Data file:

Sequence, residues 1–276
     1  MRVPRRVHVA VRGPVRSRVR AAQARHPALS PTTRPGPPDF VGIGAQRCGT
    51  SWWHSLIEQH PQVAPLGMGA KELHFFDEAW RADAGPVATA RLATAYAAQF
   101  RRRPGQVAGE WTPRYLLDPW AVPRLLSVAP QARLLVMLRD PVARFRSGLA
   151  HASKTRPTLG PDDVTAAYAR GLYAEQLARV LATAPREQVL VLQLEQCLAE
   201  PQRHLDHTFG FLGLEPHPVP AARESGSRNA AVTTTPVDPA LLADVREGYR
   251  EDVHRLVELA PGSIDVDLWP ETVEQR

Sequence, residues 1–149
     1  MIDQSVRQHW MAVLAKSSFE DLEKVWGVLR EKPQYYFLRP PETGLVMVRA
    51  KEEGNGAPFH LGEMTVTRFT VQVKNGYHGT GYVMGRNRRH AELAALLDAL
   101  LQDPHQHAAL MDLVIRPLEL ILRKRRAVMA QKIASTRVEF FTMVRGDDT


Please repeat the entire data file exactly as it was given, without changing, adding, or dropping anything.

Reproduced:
Sequence, residues 1–276
     1  MRVPRRVHVA VRGPVRSRVR AAQARHPALS PTTRPGPPDF VGIGAQRCGT
    51  SWWHSLIEQH PQVAPLGMGA KELHFFDEAW RADAGPVATA RLATAYAAQF
   101  RRRPGQVAGE WTPRYLLDPW AVPRLLSVAP QARLLVMLRD PVARFRSGLA
   151  HASKTRPTLG PDDVTAAYAR GLYAEQLARV LATAPREQVL VLQLEQCLAE
   201  PQRHLDHTFG FLGLEPHPVP AARESGSRNA AVTTTPVDPA LLADVREGYR
   251  EDVHRLVELA PGSIDVDLWP ETVEQR

Sequence, residues 1–149
     1  MIDQSVRQHW MAVLAKSSFE DLEKVWGVLR EKPQYYFLRP PETGLVMVRA
    51  KEEGNGAPFH LGEMTVTRFT VQVKNGYHGT GYVMGRNRRH AELAALLDAL
   101  LQDPHQHAAL MDLVIRPLEL ILRKRRAVMA QKIASTRVEF FTMVRGDDT